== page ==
People are chatting, the sound of the coffee machine is humming in the background. In the corner, two Viennese ladies in colourful print dresses are enjoying “Kardinalschnitten”, an Austrian type of cake. I sit by the window and watch the cars outside – even though the café is located at one of the busiest intersections in Vienna, the traffic seems really far away. They even feel a bit surreal from the comfort of the red velvet sofa, the black signature coffee house chairs (often by the company Thonet) and the marble tabletops.
Tourists are coming and going. But the peak travel time is over. Summer is ending, it is a windy and cloudy day but still nice enough to sit outside; much more enjoyable than just a few days ago when tourists had to do their sightseeing in the sweltering heat. A family sits down next to me, they are clearly overwhelmed with the broad range of coffees and cake. They ask the waiter for help and, like a machine gun, he starts going through the menu explaining each coffee extremely fast with a thick Viennese accent. I am not sure if it really helped. “Two cappuccinos, one hot chocolate and an apple strudel, please.” Good choice. With tourists being back, Covid seems really far away. The only relic is a lonely disinfectant “tower” right by the entrance which is mostly being ignored.
But, well, the coffee… Despite the reputation of the “Viennese coffee culture”, I have to be honest here – coffee in many of the traditional cafés sucks. But I do not come for the coffee. I come for the ambience – and for the cake, of course. I have a secret tip for you: Before you enter a café in Vienna, check if elderly ladies sit in there – then the cakes will be amazing. (In contrast to the hipster cafés – their coffee is much better but usually the cakes are not that nice.) The service is also special – Viennese waiters are known for their “charm”. If I was diplomatic, I would say they are efficient. Definitely do not expect the litany of chatting like from American staff. The Viennese “charm” mostly equals rudeness. But that is what you come for in a way – a bit of “Schmaeh” (jokes), a bit of gossip and a bit of rudeness.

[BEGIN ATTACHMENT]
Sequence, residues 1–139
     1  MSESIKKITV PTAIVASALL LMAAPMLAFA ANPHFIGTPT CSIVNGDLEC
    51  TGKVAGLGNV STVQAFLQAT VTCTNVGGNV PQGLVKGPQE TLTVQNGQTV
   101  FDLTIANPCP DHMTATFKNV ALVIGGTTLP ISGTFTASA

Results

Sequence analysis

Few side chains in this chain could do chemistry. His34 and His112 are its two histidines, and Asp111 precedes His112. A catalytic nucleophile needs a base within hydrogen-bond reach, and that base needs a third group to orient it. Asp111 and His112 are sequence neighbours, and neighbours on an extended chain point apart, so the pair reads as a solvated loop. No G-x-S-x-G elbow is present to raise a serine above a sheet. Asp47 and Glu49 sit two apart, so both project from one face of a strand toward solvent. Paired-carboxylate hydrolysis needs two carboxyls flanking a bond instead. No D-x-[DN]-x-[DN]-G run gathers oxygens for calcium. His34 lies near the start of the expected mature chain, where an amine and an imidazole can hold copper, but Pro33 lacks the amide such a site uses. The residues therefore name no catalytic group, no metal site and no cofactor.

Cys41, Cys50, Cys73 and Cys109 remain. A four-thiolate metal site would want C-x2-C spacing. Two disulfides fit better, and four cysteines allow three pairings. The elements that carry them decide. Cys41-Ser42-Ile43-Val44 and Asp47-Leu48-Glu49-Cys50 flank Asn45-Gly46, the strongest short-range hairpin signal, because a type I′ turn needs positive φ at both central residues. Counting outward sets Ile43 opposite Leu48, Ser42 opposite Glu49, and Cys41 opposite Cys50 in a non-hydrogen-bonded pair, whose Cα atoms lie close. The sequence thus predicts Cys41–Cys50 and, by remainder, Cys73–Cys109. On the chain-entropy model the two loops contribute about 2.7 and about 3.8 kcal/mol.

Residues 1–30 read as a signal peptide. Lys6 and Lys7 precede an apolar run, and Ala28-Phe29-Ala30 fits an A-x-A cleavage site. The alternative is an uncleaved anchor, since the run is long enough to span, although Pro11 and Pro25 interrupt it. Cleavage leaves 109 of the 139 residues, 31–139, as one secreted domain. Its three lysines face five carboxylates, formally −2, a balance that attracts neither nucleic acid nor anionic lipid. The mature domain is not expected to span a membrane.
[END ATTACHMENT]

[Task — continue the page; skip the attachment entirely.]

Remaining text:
Two men in suits have just entered, they choose a seat next to an elderly man who seems to be a regular and chats with any waiter passing by him. The suits sit down and order a “Kleinen Schwarzen” and a “Kleinen Braunen” ( a “small black one” and a “small brown one” – these are the names for an espresso and an espresso with a shot of cold milk, don’t ask me why). They then immediately start chatting away, telling each other how busy they are – they still seem to have enough time for extended meetings at a café though. Next to them, two bored staff members give each other relationship advice. “If he behaves like that already now, he will only treat you worse later.” “I know, but it is a difficult time for him. I will ask him out again.” “If he does not text you back, he is not interested.” “Let’s see.”
While sitting at a café on your own may be considered strange in other cities, it is perfectly normal in Vienna. This goes back to the start of the coffee houses. At the turn of the 19th and 20th century, artists and intellectuals regularly met in the Viennese cafés, salons were held there, some people spent every single day at cafés on their own to escape their tiny apartments. One of the most famous cafés was the Griensteidl – Arthur Schnitzler, Sigmund Freud, Alma Mahler-Werfel, they all went there. Today, a luxury bag retailer and a supermarket have moved in – quelle horreur! They had the best Kaesespaetzle ever (tiny “Gnocchi”-shaped pasta with cheese – a dish which you usually eat in the huts in the mountains in winter).
There is absolutely no stress involved. Abroad I hate it when I am constantly being asked if I needed “anything else” which usually means “pay your bill and leave”. The Starbucks-concept may be based on the Italian coffee culture, but the Viennese have also practiced this for a long time, long before Starbucks was founded: People sit in cafés, relax and enjoy. A café can be your second living room.
The “regular” I mentioned before leaves his table to get some newspapers. In the traditional coffee houses, they are put on “sticks” and hang on the wall. The sticks make reading them much easier. He glances over to a grandmother and her teenage granddaughter who have just come in. They approach the vitrine and marvel at the cakes and discuss the options while they sit down.
I have finished my work and my “Kipferl”, a crescent-shaped brioche. I ask for the bill which is handed to me with a loud “Bitt’schen” (“here you go”). I walk out outside and a horse-drawn carriage passes by. Is it really 2023 or could I have been beamed back to 1900? “Oida!!!” (There is no translation for “Oida”, it is a unique word which can be used for many situations. In this case it was used to express frustration.) An annoyed driver with his window overatkes the horse carriage honking – it is very much late August in 2023.